1. We Ride Upon Sticks, by Quan Barry
2. Dune, by Frank Herbert
3. The Overstory, by Richard Powers
4. Circe, by Madeline Miller
5. Detransition, Baby, by Torrie Peters (Boswell-run book club selections here)
6. Foundryside, by Robert Jackson Bennett
7. The Seven Husbands of Evelyn Hugo, by Taylor Jenkins Reid
8. It Ends with Us, by Colleen Hoover
9. The Glass Hotel, by Emily St John Mandel
10. To Have and To Hoax, by Martha Waters

If you're curious about how We Ride Upon Sticks is our #1 paperback, a group of high schoolers are reading it for a book club. This was onen of my top picks for 2020 and it also have one of my top paperback treatments - same image on a different background color. They are also doing that for The Five Wounds from Kirstin Valdez Quade. I should also note that Barry will be doing a virtual event with Boswell for her next novel, When I'm Gone, Look for Me in the East. It comes out February 22 and that's when our event is. Details to come.

Paperback Nonfiction:
1. Healing the Human Body with God's Remedies, by Lester Carter
2. Voices of Milwaukee Bronzeville, by Sandra E Jones (Register for the in-store November 18 event here or register for the virtual broadcast here)
3. Being Adopted, by Amy Wilkerson
4. Braiding Sweetgrass, by Robin Wall Kimmerer
5. Hope Is the Thing, edited by BJ Hollars
6. Northwest Side Community Development Corporation, by Howard Snyder
7. Milwaukee River Greenway, by Eddee Daniel
8. Ottolenghi Test Kitchen, by Murad Noor and Yotam Ottolenghi
9. Sapiens: A Graphic History V1, by Yuval Noah Harari, David Vandermeulen, and Daniel Casanave
10. Sapiens, by Yuval Noah Harari

Big question - are #9 (Sapiens) and #10 (Sapiens: A Graphic History) the same book? If they were the mass market and trade paperback edition, it wouldn't be an issue. But isn't artwork an important part of a graphic adaptation? I think so, which is why I added the artist to our bibliographic data. In addition, it's only the first part of the adaptation. Part 2 of Sapiens: A Graphic History, came out October 25.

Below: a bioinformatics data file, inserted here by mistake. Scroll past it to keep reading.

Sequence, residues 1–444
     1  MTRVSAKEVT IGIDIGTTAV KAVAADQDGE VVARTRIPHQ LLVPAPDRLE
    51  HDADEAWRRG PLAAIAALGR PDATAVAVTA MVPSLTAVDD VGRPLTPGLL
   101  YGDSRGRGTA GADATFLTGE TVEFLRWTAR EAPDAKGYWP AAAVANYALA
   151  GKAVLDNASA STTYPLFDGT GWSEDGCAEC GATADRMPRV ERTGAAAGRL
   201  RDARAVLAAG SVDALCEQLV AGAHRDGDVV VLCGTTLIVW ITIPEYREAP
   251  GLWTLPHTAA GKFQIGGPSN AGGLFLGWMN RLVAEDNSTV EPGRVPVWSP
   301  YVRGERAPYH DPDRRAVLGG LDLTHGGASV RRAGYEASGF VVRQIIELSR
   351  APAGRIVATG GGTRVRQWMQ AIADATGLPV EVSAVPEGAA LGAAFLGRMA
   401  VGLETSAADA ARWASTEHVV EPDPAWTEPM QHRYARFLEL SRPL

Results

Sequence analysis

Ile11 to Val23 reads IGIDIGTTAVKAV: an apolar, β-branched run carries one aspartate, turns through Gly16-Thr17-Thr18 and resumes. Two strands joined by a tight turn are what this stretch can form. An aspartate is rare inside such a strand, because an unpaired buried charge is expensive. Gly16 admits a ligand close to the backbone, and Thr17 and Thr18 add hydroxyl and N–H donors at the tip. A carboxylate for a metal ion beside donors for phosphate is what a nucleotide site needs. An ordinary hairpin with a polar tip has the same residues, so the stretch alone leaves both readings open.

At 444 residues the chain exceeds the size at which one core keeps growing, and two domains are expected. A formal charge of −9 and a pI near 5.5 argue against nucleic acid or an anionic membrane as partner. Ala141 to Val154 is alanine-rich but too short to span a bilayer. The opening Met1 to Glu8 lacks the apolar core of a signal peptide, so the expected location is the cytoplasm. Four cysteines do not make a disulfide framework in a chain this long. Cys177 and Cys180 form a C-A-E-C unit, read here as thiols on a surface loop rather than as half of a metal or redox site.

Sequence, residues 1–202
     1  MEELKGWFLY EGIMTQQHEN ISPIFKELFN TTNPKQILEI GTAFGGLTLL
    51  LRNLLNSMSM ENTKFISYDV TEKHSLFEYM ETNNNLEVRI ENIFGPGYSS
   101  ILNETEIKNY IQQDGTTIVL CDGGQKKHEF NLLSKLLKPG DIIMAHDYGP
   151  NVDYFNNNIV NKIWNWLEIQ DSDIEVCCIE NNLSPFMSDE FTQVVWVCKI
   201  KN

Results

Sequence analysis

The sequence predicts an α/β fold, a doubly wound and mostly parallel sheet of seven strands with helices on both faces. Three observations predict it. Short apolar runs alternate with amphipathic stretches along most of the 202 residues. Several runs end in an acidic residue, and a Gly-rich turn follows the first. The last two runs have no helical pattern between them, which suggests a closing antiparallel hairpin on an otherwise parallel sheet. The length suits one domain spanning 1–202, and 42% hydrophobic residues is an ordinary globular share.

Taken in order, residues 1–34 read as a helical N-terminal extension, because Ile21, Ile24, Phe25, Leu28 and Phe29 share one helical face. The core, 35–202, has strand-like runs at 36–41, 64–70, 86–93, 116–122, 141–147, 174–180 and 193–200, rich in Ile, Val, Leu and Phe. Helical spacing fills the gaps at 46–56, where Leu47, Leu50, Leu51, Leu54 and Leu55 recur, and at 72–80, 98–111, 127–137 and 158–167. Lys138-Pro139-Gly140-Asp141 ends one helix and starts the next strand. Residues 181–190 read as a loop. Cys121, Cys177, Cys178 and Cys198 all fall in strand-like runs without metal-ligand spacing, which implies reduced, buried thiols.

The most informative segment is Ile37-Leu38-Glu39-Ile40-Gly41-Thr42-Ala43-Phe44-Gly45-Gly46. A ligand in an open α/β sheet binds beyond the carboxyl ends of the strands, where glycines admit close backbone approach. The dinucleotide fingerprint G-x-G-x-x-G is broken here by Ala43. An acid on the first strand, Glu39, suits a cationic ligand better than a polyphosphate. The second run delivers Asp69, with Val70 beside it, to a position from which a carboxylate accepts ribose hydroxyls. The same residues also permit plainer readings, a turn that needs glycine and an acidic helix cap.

Books for Kids:
1. Animal Architects, by Amy Cherrix
2. African Icons, by Tracey Baptiste (Register for November 9 virtual event here - great for school classrooms)
3. Big Shot: Diary of a Wimpy Kid V16, by Jeff Kinney
4. Pony, by RJ Palacio
5. How to Find What You're Not Looking For, by Veera Hiranandani
6. The Beatryce Prophecy, by Kate DiCamillo, with illustrations by Sophie Blackall
7. Change Sings, by Amanda Gorman, with illustrations by Loren Long
8. Our Table, by Peter H Reynolds
9. Clarice the Brave, by Lisa McMann (Register for November 30 event here - great for school classrooms)
10. How to Train Your Dad, by Gary Paulsen

Peter H Reynolds (among other things, the illustrator for Peace Train, which was a multi-week Boswell bestseller earlier this year) has a new book, Our Table, about a family whose dining room table shrinks away when they stop using it for family meals. Don't worry, Violet figures out a way to solve this problem. From the starred Booklist: "Reynolds tells the story simply and illustrates it expressively. The scenes depicting the child's isolation are drawn in black lines with moody purple-gray washes on white backgrounds, but when Violet reminisces about the past happiness and later, when the family comes together again, colorful washes brighten the pages. A reminder of what really matters."

Over at the Journal Sentinel, Carol Deptolla profiles Ron Faiola's third entry in his supper clubs series The Wisconsin Supper Clubs Story: An Illustrated History, with Relish, where she breaks the news that Lawry's: The Prime Rib in Beverly Hills was hardly the first supper club. Don't trust Wikipedia!

From Faiola, via Deptolla: "'It looked pretty fishy to me because they name a guy, but they don’t name a supper club,' Faiola said by phone. And another thing: 'Why in Beverly Hills? I mean, why not, but still.' Certainly, Beverly Hills boomed in the 1920s and developed its ritzy reputation, but it was no New York City, more playground for movie stars than center for innovation."